Investments, Regulation, Superannuation

Revised PC SMSF threshold remains misleading

Mixed reactions from sector to PC report.

The SMSF industry has welcomed the Productivity Commission’s revised minimum viability threshold for SMSFs to $500,000, but one firm has warned it is still misleadingly high as a cost-effectiveness measurement.

Responding to the commission’s final report on assessing the efficiency and competitiveness of superannuation, SuperConcepts chief executive Natasha Fenech said she is concerned the report has confused the market in differentiating between a fund balance and member balance when determining the minimum viability of an SMSF.

“The vast majority of funds have more than one member and this needs to be absolutely clear when issuing guidance and potential accountability to professionals about how much money makes an SMSF worthwhile,” Fenech said.

“By this measure the minimum member balance would be $250,000, which is closer to guidance provided by the ATO.”

SuperConcepts cited ATO figures indicating the average assets per SMSF member to be $652,465.

The SMSF Association expressed relief the commission has listened to feedback on its SMSF findings published in the interim report in May 2018, particularly regarding SMSF investment returns.

“The commission acknowledged the difference in investment return calculation methodologies between SMSFs and large superannuation funds and had revised downward from $1 million to $500,000 its fund balance figure as to when SMSFs were cost-effective compared with large funds,” SMSF Association chief executive John Maroney said.

“This is a far more realistic figure to use as a guide for discussing whether it is appropriate to establish an SMSF as there are many high-performing SMSFs with balances below $500,000.

“In our opinion, the commission, in its final report on assessing the efficiency and competitiveness of the superannuation system, has got it right in describing a minimum balance requirement for establishing an SMSF as a ‘blunt tool’ that is far less likely to ensure a healthy SMSF sector compared with improving advice standards.”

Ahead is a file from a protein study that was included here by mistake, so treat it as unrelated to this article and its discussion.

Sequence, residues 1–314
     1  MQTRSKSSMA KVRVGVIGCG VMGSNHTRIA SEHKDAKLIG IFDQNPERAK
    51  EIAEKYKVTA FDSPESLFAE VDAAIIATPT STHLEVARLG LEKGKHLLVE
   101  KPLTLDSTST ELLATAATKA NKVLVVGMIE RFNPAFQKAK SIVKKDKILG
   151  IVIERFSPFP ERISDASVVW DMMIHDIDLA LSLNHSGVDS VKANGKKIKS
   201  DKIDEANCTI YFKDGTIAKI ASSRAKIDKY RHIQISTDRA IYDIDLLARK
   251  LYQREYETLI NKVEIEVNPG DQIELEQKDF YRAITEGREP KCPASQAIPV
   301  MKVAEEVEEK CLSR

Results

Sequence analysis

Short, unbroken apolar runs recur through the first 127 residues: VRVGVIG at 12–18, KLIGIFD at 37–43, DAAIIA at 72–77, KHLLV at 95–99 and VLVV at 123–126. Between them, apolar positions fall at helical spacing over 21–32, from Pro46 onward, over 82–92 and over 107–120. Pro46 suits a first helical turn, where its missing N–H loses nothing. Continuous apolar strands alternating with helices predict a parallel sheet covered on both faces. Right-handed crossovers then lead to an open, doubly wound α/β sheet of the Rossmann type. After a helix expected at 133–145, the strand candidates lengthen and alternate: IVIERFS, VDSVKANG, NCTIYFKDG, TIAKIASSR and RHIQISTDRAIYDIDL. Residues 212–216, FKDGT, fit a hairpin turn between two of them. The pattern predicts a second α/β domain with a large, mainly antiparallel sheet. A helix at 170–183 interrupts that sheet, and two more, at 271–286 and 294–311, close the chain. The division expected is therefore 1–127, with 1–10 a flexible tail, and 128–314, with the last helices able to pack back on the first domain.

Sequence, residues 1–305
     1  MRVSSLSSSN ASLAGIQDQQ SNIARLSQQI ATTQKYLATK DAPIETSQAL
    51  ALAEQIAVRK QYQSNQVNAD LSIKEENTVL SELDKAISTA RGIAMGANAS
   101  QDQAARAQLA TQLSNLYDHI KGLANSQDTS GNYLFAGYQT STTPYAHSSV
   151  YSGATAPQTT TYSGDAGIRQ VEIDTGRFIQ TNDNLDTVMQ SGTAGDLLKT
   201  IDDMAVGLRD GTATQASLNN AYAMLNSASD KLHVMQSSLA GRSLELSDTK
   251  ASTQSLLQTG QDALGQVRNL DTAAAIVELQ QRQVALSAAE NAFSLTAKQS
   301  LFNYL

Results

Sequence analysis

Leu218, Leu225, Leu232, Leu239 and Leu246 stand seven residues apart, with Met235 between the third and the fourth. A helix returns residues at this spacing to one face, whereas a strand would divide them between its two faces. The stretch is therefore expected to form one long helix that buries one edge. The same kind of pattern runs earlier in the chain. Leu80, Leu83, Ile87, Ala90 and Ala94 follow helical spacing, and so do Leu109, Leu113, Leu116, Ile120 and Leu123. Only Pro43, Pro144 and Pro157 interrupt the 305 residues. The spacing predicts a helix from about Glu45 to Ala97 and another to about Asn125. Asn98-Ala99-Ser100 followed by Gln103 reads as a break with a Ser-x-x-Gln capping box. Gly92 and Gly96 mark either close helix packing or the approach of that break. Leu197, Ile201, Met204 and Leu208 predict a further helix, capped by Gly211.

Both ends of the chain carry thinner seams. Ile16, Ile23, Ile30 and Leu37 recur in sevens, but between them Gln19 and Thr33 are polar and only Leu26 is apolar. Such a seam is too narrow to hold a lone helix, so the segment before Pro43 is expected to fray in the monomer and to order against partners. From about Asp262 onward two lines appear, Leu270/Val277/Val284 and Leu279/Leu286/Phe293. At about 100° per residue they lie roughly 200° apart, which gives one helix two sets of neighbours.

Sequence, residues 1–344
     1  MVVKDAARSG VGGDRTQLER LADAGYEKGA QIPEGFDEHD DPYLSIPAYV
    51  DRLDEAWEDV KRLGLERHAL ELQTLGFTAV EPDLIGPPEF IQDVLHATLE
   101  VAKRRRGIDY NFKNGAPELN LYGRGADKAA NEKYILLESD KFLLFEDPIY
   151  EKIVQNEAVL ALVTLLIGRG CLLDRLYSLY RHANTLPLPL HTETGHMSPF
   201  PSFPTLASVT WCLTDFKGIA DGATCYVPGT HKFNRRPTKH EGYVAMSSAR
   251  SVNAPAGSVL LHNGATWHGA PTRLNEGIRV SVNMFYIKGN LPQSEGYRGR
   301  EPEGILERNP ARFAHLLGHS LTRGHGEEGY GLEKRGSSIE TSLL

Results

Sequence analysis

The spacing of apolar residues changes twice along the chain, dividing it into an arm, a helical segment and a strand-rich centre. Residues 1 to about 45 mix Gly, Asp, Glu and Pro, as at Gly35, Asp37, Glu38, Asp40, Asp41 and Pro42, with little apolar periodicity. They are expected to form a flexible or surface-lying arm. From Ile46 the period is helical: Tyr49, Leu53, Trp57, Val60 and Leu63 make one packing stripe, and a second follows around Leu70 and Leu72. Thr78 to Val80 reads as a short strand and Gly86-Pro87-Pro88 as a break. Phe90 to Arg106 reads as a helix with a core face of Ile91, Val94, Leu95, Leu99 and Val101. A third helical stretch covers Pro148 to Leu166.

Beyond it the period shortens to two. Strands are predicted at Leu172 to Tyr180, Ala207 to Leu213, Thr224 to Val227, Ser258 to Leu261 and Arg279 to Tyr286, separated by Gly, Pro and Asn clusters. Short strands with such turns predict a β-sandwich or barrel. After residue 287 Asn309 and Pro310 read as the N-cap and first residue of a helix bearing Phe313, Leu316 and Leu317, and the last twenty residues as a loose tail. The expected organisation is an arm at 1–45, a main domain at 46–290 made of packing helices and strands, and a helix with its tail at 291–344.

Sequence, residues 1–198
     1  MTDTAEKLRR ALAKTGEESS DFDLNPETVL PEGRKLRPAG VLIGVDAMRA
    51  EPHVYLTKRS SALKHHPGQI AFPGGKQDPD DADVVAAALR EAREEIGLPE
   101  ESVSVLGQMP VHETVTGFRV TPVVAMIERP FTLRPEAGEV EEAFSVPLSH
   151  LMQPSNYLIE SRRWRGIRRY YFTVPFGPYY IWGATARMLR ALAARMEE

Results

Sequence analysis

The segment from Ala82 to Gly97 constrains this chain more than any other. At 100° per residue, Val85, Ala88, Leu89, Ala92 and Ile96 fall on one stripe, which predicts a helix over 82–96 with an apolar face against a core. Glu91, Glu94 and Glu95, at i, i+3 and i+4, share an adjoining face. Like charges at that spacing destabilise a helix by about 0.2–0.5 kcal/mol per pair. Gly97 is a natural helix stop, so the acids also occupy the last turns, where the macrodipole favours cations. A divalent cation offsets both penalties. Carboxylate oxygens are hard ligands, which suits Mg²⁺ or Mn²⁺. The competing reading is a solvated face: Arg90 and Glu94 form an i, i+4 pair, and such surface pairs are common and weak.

The association said it is supportive of the commission’s recommendation for the government to introduce requirements for specialist training for people providing advice on SMSF establishments.

“Raising the standards of SMSF advice through specific education requirements has long been the mantra of the association and a key focus in our mission to lead the professionalism, integrity and sustainability of the $755 billion SMSF sector,” Maroney said.

“It’s significant that the commission is on the same page as ASIC (Australian Securities and Investments Commission) in recognising the importance of advice providers who are appropriately educated.”

According to Maroney, the commission’s stance on advice aligns with its recommendation Australians should be able to choose the right super fund for them, including an SMSF, irrespective of their employment status.

SuperConcepts also supported recommendations to have recognised specialist qualifications for SMSF advice.

“This measure will enhance the compliance aspects of a fund and reduce inadvertent breaches due to lack of understanding around compliance issues,” Fenech said.

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